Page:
Nobody knows, of course. But we’ll soon find out. Here’s hoping that this winter turns out to be calm and mild, as winters go. In other words, let’s hope that this winter is not particularly memorable.
But just as a reminder of what winter can be – and we hope won’t be – here’s a look back at some of the more memorable winters from Maryland’s past.
- January 1772: This storm dumped 3 feet of snow in a short time in the D.C. area. Interestingly, this storm is known as the “Washington and Jefferson” snow storm, because both Founding Fathers recorded the storm in their personal diaries.
- Winter of 1779-1780: Temperatures dropped so low, and stayed so low, that ice piled up 20 feet high along parts of the coast. Those ice walls stayed in place until the spring thaw. And so much of Chesapeake Bay froze that people were able to walk from Annapolis to Kent Island.
- February 1852: The Susquehanna River froze so solid that at one point railroad tracks were laid across the ice. 1,378 loaded railroad cars rolled across the river on that temporary ice bridge!
- March 1888: This blizzard went down in history as the “White Hurricane.” Baltimore was blanketed with snow and ice. Ferocious, gusting winds blew down trees and utility poles. In some places, the icy winds reached an estimated peak of around 75 miles per hour, burying homes and buildings in snow drifts as deep as twenty feet.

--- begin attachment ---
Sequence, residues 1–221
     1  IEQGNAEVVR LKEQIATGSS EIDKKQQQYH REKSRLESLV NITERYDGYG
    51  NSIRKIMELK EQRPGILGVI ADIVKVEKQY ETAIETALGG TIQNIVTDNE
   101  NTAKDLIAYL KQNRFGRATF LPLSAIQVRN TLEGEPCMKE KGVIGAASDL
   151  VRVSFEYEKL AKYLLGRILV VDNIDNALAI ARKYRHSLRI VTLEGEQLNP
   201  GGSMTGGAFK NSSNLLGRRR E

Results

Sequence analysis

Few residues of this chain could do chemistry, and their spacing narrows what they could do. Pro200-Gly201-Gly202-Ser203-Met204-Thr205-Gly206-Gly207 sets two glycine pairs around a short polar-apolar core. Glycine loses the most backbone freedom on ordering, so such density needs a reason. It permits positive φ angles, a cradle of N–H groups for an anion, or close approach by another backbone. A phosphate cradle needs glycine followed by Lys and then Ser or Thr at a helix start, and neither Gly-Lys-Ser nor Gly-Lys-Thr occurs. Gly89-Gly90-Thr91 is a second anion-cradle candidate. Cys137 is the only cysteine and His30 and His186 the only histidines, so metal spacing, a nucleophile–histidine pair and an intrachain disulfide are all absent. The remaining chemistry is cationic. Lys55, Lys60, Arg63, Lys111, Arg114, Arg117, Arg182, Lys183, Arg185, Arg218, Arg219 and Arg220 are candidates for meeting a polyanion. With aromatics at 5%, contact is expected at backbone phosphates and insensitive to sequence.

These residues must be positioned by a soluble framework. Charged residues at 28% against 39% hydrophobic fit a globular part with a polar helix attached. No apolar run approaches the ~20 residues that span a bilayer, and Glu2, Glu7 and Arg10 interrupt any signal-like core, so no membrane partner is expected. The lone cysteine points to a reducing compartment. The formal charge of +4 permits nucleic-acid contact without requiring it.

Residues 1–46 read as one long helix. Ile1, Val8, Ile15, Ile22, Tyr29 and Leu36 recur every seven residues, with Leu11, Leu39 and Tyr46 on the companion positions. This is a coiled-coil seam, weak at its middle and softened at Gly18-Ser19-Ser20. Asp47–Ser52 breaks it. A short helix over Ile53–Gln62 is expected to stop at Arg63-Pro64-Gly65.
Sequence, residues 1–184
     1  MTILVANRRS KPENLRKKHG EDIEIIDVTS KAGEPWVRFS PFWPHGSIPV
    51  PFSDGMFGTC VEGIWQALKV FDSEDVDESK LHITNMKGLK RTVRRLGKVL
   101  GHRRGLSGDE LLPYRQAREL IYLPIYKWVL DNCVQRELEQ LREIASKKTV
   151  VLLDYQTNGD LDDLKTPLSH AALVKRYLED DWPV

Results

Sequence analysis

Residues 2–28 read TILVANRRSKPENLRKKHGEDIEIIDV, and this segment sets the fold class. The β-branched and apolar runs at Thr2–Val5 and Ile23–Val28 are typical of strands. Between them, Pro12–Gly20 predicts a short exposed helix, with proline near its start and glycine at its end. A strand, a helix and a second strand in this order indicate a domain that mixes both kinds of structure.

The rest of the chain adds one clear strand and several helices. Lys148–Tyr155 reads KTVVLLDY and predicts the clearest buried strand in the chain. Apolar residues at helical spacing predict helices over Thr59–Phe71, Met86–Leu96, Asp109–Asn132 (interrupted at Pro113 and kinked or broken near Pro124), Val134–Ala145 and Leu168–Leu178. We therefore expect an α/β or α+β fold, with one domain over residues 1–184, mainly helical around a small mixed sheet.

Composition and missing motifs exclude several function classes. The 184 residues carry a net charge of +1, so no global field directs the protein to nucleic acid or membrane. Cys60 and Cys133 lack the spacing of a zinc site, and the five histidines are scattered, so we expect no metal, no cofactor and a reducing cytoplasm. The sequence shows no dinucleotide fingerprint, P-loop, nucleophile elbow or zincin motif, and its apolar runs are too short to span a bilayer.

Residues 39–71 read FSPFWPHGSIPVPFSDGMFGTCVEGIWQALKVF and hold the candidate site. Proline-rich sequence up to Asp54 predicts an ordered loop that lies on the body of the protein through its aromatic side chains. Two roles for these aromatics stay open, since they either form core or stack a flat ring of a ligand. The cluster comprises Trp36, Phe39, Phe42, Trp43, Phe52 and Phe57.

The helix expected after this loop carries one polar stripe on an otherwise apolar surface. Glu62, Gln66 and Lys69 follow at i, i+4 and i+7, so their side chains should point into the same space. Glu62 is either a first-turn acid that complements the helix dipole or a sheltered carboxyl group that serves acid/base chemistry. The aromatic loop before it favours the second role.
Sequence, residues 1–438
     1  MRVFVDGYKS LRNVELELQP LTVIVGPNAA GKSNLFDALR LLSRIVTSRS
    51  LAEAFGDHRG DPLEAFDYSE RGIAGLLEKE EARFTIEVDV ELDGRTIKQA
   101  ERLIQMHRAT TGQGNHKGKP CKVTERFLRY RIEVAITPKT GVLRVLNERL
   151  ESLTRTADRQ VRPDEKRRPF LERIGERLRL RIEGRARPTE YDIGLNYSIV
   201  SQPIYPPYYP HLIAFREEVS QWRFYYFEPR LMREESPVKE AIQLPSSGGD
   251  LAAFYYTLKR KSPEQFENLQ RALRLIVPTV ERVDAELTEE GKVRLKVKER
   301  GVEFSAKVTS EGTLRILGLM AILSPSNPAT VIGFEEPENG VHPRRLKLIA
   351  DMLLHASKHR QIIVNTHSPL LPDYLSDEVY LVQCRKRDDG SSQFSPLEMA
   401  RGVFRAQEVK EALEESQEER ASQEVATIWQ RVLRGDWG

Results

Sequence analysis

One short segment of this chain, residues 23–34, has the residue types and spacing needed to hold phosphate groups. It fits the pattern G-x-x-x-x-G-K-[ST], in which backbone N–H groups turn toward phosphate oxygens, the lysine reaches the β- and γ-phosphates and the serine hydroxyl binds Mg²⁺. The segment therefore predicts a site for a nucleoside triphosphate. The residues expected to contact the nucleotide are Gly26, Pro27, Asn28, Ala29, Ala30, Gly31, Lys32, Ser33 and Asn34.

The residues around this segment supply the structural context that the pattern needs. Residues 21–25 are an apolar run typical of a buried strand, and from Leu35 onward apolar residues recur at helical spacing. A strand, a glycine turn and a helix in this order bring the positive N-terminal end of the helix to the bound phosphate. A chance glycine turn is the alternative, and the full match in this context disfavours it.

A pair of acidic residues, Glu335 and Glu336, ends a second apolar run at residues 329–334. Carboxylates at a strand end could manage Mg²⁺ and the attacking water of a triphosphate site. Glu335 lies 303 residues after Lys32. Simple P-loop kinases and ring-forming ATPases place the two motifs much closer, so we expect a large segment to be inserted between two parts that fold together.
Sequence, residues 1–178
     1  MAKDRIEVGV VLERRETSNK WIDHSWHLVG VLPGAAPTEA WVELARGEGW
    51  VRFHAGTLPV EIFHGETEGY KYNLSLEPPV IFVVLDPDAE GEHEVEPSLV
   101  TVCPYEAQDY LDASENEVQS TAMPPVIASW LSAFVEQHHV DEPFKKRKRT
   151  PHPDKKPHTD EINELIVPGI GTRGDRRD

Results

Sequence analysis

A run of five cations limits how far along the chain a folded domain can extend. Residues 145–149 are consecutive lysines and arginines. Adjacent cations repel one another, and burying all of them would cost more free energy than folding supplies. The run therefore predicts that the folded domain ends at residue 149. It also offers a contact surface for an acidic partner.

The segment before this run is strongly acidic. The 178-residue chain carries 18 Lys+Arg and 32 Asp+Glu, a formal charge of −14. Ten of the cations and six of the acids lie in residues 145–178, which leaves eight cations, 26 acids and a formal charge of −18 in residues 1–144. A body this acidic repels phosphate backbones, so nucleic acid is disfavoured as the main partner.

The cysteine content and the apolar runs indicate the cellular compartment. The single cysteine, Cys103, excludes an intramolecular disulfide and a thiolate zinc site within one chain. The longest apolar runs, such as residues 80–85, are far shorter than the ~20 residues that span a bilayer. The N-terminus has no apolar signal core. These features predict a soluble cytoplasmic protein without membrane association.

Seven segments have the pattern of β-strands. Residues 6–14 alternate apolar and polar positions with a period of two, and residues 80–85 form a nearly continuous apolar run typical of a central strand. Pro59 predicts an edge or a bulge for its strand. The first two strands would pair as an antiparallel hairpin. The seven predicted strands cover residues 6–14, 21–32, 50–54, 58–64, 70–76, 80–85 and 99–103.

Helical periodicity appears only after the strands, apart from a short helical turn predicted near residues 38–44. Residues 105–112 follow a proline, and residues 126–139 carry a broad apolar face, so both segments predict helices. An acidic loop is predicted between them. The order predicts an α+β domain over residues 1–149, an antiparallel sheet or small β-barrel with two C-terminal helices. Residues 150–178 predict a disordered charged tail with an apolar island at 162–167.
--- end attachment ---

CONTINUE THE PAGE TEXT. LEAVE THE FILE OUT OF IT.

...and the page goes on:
- February 1899: The Great Arctic Outbreak of ’99. Three feet of snow in D.C., with wind driving the snow into drifts 10 feet high. Transportation was brought to a standstill, resulting in the rationing of coal and food. Throughout the U.S., this winter was so cold that for only the second time in recorded history ice flowed into the Gulf of Mexico from the Mississippi River.
- January 1818: The coldest winter in 100 years. The entire Chesapeake Bay froze solid, with three times the normal snowfall for the month of January.
- March 1921: The greatest short-term temperature drop in the recorded history of Maryland. Within 24 hours, the temperature plummeted from above 90 to below 20. Fruit trees had been in bloom statewide, and the unprecedented cold snap devastated orchard production for that year.
- March 1958: A late-season blizzard of wet, heavy snow devastated Maryland’s infrastructure. A million homes lost phone service. 300,000 lost electricity. All told, the storm caused an estimated $10 million in damages, and resulted in 8 deaths.
- March 1962: The Ash Wednesday Storm. Considered to be the most devastating nor’easter to occur during the 20th century. Resulted in $200 million in property damage and 40 deaths.
- January 1977: The coldest winter on record since the founding of the nation.
- January 1996: The Blizzard of ’96. So much snow was dumped upon the D.C. area that many government offices, along with schools and businesses, were closed for an entire week. A series of consecutive blizzards dumped up to 4 feet of snow throughout portions of Maryland.
Are You Prepared for Winter’s Worst?
Hopefully this winter won’t find it’s way onto the list above. Hopefully this winter will be quite unremarkable.
But we never know what Mother Nature is going to throw at us. So it’s always wise to be prepared for the worst. And now is the time to make sure that you’re prepared for the worst by making certain that all your snow removal equipment is in good shape and ready to go.
Or alternatively, purchase snow removal insurance from TLC, and let us handle it for you. That way, we’ll make sure that you’re prepared for the worst.
Either way, though, here’s hoping that the worst doesn’t happen this winter!